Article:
Social Media IS Changing Journalism (Week 12 Readings)

Social media is changing the way of journalistic practices everywhere. What used to have to be created, approved and published is now instantaneously given to you via social media. You’ve been on social media and saw a tweet, post, status update, etc. that was huge news. You never had to wait for a newspaper or broadcast, you were told of it first hand on social media. The news needs to be given to the people as fast as humanly possible and the element of social media is enabling this to happen

Courtesy: Anatolii Babii

Alyssa Kritsch presents four ways in that social media is changing journalism.

1) Source From the Street – the firsthand witnesses (everyday people) are equipped with devices that easily allow them to share content that is news.

2) Master the Art of Listening – audiences are fully capable of producing good content nowadays, so find it and listen to it.

3) Amplify Your Story – schedule your posts to target your specific geographical location.

4) Analyze the Results – keep tabs on the content that is current, relevant and informational and use free tools, like Hootsuite, to filter out what fits your brand best.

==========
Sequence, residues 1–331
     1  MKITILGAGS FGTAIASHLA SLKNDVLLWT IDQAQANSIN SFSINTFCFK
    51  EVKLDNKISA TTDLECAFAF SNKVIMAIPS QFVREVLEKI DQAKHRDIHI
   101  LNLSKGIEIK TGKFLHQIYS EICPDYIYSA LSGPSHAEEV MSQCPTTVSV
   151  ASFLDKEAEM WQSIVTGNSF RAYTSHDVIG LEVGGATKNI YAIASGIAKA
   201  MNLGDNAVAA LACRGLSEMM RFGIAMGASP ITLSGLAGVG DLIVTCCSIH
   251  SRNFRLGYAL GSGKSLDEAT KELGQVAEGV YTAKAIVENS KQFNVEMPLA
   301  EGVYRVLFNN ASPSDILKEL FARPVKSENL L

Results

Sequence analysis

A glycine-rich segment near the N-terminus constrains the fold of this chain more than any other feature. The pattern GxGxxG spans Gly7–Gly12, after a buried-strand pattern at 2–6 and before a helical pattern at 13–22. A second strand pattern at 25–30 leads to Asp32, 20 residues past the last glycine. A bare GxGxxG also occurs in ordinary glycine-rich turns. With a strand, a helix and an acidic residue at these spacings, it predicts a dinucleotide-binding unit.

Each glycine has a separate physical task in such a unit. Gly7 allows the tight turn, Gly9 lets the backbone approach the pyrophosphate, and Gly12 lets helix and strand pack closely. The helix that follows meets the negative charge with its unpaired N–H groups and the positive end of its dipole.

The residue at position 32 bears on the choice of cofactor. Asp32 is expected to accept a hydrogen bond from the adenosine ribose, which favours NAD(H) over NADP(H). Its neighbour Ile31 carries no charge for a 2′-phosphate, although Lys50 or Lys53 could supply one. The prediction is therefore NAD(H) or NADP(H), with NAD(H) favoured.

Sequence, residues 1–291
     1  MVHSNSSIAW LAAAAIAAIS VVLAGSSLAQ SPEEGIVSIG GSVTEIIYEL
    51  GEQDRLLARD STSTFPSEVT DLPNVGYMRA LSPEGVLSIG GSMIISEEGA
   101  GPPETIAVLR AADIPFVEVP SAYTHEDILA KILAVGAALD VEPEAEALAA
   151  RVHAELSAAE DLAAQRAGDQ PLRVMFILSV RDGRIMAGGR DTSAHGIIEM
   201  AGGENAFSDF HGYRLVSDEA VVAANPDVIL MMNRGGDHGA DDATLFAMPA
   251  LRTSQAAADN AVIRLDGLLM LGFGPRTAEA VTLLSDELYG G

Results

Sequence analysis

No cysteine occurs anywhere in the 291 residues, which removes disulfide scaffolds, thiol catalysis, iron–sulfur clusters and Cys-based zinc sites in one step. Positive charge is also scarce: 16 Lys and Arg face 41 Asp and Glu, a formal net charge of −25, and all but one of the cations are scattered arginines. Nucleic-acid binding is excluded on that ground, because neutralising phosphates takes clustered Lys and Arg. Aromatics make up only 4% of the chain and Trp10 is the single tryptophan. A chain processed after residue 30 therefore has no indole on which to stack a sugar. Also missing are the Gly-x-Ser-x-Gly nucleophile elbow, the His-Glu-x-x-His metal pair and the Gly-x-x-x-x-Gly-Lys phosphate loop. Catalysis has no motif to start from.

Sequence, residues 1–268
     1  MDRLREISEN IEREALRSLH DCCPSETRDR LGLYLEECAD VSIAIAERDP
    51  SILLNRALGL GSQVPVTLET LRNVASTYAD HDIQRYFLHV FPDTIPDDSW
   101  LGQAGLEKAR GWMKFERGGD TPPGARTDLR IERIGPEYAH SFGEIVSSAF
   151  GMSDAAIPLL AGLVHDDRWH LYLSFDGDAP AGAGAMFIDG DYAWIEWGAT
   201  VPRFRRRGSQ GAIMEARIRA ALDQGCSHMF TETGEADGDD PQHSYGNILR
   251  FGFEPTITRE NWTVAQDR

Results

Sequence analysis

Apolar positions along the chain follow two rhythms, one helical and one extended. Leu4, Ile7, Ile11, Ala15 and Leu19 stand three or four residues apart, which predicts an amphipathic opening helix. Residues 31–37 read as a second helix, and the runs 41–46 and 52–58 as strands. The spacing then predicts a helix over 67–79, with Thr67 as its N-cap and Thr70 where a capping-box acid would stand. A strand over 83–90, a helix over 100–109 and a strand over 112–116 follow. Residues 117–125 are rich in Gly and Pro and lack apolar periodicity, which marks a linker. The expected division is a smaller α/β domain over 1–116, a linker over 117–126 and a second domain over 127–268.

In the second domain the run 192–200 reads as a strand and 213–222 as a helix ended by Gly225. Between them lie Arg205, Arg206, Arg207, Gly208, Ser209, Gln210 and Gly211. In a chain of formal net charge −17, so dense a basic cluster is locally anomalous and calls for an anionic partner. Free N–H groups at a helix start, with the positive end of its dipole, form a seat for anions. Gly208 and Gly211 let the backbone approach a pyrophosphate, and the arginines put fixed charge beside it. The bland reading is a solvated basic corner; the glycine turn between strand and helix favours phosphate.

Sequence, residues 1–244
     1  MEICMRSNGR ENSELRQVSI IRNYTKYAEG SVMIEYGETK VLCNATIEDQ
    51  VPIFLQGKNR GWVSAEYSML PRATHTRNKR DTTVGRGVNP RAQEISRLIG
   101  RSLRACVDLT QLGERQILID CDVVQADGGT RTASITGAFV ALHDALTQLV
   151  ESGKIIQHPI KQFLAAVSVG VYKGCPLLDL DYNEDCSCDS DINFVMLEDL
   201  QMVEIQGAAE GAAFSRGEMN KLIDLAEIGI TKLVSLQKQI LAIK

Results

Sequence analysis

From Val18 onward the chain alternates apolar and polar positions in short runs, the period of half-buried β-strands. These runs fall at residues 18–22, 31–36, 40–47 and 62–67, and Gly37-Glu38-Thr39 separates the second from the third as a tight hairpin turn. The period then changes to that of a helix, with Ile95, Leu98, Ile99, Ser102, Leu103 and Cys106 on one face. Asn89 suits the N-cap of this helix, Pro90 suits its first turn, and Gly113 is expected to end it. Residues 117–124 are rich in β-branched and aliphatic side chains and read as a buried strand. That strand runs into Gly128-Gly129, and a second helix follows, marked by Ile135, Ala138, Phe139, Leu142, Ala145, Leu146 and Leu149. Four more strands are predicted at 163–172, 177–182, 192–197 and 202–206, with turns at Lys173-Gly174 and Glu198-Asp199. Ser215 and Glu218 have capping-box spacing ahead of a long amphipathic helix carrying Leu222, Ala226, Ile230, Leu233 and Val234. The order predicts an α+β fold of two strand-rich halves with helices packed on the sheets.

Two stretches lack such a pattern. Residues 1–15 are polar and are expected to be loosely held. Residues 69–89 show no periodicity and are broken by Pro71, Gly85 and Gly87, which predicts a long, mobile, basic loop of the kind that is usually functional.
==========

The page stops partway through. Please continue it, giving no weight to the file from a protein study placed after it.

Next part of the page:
As we see, there is most certainly a shift in journalism. So much so that Jayson DeMers, CEO of AudienceBloom, believes we could possibly see the extinction of print journalismCourtesy: pretoperola in the near future. One of the main reasons behind this is the general timeliness of content. There is no more time to wait for content to be produced, we want it now! That’s the power social media has over traditional journalism. Lisa Barone feels the elimination of the “middle man” is one reason for the rise in social media uses for brands. They no longer have to go through any barrier to communicate efficiently with audiences. Social media allows brands to become personal and human in the way in which they interact with other users of a particular platform.

Do you feel that “print” journalism is on the path to becoming obsolete?

Is social media your primary outlet for attaining news stories and current events?


18 thoughts on “Social Media IS Changing Journalism (Week 12 Readings)

  1. I think there will always be a place for print journalism. Some people (although the numbers are shrinking) still enjoy sitting down in the morning with a cup of coffee and a paper. The focus has definitely shifted to online media and I think the types of article shares on print will be very different. The headline news is more accessible online. It is already old news by the time it’s printed. Therefore, I think the type of material covered in print media will lean more towards quality stories with background information about news we saw breaking online. These of course, would be pushed through online platforms as well to ensure they reach more people and allow for ease of sharing.